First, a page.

One of the most popular trends among RVers is to buy an older model, such as an Airstream, and fix it up. There are communities around the US dedicated to doing this and saving money while doing it. You can get a cheap RV on Craigslist or other unconventional places, gut it, and fix it up the way you imagine your dream RV to look and feel.

Buying a fixer-upper comes with risk, but you’ll put out much less upfront and if you plan properly, save more than half of the cost of a brand-new RV with all the bells and whistles. Buying a fixer-upper isn’t for everyone, but if you play your cards right, you’ll be the envy of every RV park or campground.

06 of 15

Watch Financing Rates

Financing your RV can be the make or break on securing a great deal. Financing rates depend on current market trends; RV loan rates tend to mirror auto loan rates. Don’t accept financing from an RV dealer if you can get a better rate from your bank or credit union or vice versa.

Get a quote from your bank before you go to an RV dealership and use that to leverage a better deal there. If you know the market is sweet on auto loans, it’s your time to strike for good RV loan rate as well.

07 of 15

Pool Your Resources

RV park camp out
RVWithTito.com/flickr/CC BY 2.0

Have you ever heard a timeshare pitch? Imagine the same concept but for an RV. Another trend started by millennials is going in together on an RV. By going in together, you can split the cost, maintenance, and share an awesome home on wheels at a fraction of the cost.

While sharing an RV isn’t for everyone, if scheduled efficiently, everyone who goes all in can get the time they want on the road. Make sure if you consider this option, you get a contract drafted up by all parties in case anything goes wrong down the line.

08 of 15

Find a Friendly Salesperson

We all get it. A salesperson is going to do everything within reason they can to get you into that new RV. This includes being friendly, but it goes both ways. Your salesperson wants you to like him or her because you’re more apt to buy from a “friend,” but a seller is also likely to want to give a friend a better deal.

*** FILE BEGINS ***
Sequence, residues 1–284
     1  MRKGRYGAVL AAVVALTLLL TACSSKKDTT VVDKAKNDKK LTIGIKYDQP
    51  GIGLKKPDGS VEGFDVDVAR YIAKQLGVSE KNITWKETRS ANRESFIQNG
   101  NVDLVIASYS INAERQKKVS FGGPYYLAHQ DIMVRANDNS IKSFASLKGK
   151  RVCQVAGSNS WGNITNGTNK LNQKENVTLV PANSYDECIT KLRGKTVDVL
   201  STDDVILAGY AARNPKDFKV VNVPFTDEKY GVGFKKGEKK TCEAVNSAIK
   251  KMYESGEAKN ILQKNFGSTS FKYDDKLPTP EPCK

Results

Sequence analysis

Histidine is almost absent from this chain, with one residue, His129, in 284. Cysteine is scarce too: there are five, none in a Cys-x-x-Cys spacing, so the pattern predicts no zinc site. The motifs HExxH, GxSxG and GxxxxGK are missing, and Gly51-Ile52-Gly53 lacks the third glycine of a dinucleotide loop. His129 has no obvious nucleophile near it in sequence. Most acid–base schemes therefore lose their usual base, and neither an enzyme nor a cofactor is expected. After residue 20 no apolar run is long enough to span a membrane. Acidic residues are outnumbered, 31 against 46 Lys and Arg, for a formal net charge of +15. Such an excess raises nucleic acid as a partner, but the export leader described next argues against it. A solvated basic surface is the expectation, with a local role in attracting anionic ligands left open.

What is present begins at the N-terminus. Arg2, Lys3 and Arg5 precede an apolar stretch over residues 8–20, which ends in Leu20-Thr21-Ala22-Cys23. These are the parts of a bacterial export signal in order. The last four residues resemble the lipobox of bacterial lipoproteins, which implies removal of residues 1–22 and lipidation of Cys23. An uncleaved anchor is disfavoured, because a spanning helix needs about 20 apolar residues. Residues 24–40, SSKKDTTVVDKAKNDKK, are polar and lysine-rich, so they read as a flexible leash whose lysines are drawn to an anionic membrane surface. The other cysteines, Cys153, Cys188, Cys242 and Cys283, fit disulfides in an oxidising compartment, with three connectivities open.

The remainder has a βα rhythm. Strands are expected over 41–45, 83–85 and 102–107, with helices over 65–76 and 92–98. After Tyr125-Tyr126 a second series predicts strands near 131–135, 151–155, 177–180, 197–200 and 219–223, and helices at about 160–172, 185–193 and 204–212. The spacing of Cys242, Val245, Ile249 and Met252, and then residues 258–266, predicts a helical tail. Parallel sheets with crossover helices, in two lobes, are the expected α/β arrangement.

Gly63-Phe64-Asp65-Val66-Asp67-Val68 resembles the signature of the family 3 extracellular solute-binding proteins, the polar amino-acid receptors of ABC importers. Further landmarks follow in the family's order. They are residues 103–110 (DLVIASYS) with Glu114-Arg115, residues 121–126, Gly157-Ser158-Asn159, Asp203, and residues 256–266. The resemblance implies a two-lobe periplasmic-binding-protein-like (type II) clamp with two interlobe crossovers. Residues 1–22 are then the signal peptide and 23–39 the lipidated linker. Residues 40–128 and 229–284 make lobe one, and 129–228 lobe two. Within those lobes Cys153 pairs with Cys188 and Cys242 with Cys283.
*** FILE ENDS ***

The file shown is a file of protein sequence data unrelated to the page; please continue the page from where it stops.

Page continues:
Be friendly, polite and develop a good rapport with your salesperson. They could end up pulling a few strings to get you a better deal, especially if it’s the end of the month and they’re trying to make their quota.

Continue to 9 of 15 below.
09 of 15

How Will You Use the RV?

Park model RV life
Ron Bleber/flickr/CC BY-NC-ND 2.0

With Lyft, Airbnb, and other interesting ways to make a few bucks on the side becoming more popular, have you considered how else you could use your RV? There’s a variety of options out there, like RVShare, Outdoorsy, and RVwithMe to name a few. List your RV when it’s not in use, share it with others and see what extra income might pay off your initial investment or improvement plans.

Many have considered RVing full-time and telecommuting to save on rising house costs across the country. This could change your budget and on-going maintenance costs for an RV purchase, so keep that in mind as you begin plotting how you’ll use your RV and the budget you’ll set aside to be comfortable in it.

10 of 15

Take Risks

Some dealers may mark their prices up over 50 percent. Don’t fall for “sale,” “low price,” and other stickers plastered across an RV windshield. They’re luring you in to make you think the markup is the “market value” of the RV. They plan on negotiating the price down but can usually get away with a higher price than they should.